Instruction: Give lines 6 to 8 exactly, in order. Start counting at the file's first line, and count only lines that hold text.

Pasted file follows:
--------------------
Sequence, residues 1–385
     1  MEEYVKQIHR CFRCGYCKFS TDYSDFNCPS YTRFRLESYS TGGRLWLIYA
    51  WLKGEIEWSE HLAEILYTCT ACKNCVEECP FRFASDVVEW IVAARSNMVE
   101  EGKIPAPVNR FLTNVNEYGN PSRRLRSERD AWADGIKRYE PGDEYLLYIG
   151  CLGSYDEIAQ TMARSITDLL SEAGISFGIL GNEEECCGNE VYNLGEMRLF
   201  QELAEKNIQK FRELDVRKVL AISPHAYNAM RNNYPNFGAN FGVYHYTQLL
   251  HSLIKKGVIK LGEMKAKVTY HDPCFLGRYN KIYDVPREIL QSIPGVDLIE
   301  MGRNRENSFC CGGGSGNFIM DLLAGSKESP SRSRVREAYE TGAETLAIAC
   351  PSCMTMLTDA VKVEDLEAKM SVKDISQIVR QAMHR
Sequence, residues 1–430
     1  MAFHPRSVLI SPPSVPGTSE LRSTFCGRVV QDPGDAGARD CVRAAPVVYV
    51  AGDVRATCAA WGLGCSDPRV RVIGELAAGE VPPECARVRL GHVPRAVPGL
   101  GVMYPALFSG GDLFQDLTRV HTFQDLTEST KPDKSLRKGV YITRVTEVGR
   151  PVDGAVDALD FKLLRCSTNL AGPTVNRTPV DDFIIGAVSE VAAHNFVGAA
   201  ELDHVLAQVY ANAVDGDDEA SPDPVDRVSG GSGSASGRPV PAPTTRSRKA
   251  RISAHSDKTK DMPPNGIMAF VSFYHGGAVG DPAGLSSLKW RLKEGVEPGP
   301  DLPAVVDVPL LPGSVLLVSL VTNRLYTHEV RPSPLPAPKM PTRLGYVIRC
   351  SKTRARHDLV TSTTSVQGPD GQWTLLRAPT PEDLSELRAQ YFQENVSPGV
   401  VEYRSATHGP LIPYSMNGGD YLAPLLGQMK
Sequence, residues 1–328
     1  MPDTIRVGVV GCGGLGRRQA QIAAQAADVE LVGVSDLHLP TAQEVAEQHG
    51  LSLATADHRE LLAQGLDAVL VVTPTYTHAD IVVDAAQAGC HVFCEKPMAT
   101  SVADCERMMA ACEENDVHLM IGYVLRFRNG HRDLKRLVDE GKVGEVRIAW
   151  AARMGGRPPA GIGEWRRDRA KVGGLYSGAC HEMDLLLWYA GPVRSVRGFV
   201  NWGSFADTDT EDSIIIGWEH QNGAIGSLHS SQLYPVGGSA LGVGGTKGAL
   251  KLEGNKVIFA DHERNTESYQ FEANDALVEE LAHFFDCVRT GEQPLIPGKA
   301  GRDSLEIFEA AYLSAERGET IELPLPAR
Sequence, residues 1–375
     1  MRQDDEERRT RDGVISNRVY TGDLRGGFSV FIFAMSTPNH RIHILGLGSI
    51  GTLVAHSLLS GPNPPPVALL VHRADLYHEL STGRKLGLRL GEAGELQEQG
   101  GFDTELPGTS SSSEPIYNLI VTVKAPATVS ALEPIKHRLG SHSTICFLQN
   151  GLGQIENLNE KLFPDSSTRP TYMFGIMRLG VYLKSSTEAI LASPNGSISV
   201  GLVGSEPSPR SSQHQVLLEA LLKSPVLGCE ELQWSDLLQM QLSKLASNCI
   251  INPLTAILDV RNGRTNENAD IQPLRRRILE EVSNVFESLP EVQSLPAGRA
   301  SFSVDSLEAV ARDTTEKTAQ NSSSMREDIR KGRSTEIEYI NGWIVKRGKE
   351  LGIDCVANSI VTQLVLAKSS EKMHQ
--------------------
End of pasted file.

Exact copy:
   201  QELAEKNIQK FRELDVRKVL AISPHAYNAM RNNYPNFGAN FGVYHYTQLL
   251  HSLIKKGVIK LGEMKAKVTY HDPCFLGRYN KIYDVPREIL QSIPGVDLIE
   301  MGRNRENSFC CGGGSGNFIM DLLAGSKESP SRSRVREAYE TGAETLAIAC